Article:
More systematically, the economists Jason Lindo and María Padilla-Romo examined the effects of targeting high-ranking gang members on Mexican homicide rates from 2001 to 2010. This “kingpin strategy,” they found, increased homicides by 80 percent in the municipalities where the leaders had operated for at least one year.
Many militant groups have also become less restrained toward civilians after the death or imprisonment of senior figures. In 1954, the British launched Operation Anvil to stamp out the Mau Mau Uprising in Kenya. Capturing leaders around Nairobi initiated a period of uncoordinated, rudderless violence. South Africa’s African National Congress also became less tactically disciplined when its leadership was marginalized. In 1961, the ANC established an armed wing called Umkhonto we Sizwe, which came to be known as the MK. Leadership stressed the value of “properly controlled violence” to spare civilians. For three years, MK members complied by studiously avoiding terrorist attacks. After Nelson Mandela was sentenced to life imprisonment in 1964, however, young men in the ANC engaged in stone throwing, arson, looting, and brutal killings of civilians. The political scientist Gregory Houston observed that “the removal of experienced and respected leaders … created a leadership vacuum” that empowered undisciplined hotheads. When Filipino police assassinated the Abu Sayyaf founder, Abdurajak Abubakar Janjalani, in 1998, the group devolved into a movement of bandits that preyed on private citizens. When Nigerian police summarily executed the Boko Haram founder, Mohammed Yusuf, in 2009, the terrorist organization also turned ruthless against civilians. And the al-Qaeda–linked rebel group Ahrar al-Sham became even more radical after a 2014 attack on its headquarters, in the northwestern province of Idlib, Syria, took out its leadership.
The theory that removing leaders results in worse violence is supported by more than mere anecdote. In a couple of peer-reviewed studies, I’ve tested whether killing the leader of a militant group makes that group more tactically extreme. Across conflict zones from the Afghanistan-Pakistan to the Israel-Palestine theaters, my co-authors and I found that militant groups significantly increase their attacks against civilians after an operationally successful strike against their leadership. Vengeance is not the main driver, as the overall quantity of violence changes less than the quality does. So-called leadership decapitation does not elicit a paroxysm of violence, but makes it more indiscriminate against innocent civilians.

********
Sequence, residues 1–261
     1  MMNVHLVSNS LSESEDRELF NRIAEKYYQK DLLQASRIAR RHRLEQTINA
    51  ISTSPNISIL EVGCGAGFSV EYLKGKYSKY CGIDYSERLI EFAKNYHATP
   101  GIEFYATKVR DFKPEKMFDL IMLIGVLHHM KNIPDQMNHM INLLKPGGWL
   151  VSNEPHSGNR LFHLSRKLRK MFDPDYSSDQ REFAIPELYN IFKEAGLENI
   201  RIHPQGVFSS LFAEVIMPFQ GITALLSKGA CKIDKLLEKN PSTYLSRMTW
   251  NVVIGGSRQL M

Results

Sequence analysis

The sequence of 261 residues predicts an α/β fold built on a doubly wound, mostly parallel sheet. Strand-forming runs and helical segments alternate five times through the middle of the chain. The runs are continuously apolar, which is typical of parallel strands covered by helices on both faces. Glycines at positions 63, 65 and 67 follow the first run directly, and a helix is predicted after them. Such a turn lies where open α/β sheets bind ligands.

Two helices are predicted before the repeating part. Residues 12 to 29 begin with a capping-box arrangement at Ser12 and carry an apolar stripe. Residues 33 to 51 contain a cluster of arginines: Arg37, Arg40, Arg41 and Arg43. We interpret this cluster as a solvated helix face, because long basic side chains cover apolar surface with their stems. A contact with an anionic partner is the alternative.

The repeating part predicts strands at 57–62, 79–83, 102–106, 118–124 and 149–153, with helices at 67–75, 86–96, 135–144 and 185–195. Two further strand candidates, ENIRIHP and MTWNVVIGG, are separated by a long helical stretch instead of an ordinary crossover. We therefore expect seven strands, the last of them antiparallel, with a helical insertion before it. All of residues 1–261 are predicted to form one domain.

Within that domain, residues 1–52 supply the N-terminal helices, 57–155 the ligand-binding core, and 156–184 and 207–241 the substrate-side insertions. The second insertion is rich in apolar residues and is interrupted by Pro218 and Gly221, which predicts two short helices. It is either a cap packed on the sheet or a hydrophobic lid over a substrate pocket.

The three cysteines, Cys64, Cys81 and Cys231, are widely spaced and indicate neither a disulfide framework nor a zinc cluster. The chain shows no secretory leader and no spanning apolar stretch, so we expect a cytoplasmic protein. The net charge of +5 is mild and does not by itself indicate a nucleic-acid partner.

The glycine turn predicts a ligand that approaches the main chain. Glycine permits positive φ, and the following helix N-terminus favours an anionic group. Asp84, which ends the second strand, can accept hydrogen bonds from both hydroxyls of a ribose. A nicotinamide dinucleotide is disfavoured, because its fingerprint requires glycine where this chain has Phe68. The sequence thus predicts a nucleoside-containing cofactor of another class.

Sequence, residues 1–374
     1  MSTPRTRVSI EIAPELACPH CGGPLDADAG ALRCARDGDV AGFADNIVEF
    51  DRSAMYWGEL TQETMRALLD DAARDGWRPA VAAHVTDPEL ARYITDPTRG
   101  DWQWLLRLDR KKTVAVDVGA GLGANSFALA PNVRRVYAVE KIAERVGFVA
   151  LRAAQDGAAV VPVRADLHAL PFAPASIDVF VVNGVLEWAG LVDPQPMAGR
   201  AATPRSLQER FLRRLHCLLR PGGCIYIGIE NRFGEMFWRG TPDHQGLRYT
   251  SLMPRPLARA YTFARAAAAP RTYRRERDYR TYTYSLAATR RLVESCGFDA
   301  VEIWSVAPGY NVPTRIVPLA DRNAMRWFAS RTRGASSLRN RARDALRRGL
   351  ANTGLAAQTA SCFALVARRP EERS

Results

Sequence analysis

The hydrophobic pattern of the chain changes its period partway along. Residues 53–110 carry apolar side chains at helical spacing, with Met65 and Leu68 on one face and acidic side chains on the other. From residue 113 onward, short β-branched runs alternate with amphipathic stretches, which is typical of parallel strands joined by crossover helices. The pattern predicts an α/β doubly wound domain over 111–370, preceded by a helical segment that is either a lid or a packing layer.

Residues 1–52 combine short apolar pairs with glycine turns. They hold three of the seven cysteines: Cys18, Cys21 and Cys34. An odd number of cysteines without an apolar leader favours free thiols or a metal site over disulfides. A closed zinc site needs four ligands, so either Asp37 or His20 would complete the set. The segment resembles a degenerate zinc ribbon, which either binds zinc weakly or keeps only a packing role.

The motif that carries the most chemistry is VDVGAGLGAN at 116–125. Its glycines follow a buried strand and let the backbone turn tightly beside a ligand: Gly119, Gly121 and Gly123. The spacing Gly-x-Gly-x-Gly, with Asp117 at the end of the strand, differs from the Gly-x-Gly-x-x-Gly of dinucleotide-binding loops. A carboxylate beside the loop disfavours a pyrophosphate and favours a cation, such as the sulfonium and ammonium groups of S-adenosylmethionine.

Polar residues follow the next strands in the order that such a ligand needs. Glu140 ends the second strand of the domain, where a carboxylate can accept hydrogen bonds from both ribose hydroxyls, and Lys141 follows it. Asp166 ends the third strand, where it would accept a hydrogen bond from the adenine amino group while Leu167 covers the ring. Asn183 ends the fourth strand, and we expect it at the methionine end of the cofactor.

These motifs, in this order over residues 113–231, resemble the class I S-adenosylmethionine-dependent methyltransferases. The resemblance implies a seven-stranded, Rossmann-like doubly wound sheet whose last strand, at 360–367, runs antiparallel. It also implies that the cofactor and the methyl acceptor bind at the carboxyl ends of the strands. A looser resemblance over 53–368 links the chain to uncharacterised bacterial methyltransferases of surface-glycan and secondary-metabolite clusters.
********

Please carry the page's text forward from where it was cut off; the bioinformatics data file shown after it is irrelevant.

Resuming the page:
Leadership decapitation promotes terrorism by empowering subordinates with less restraint toward civilians. In empirical research, I’ve demonstrated that militant groups fare better politically when they direct their violence at military and other government targets rather than civilians. Unlike guerrilla attacks against government targets, terrorist attacks against civilian targets tend to reduce popular support, empower hard-liners, and, most important, lower the odds of government concessions. But lower-level members, compared with their superiors, are less likely to grasp that attacking civilians does not pay.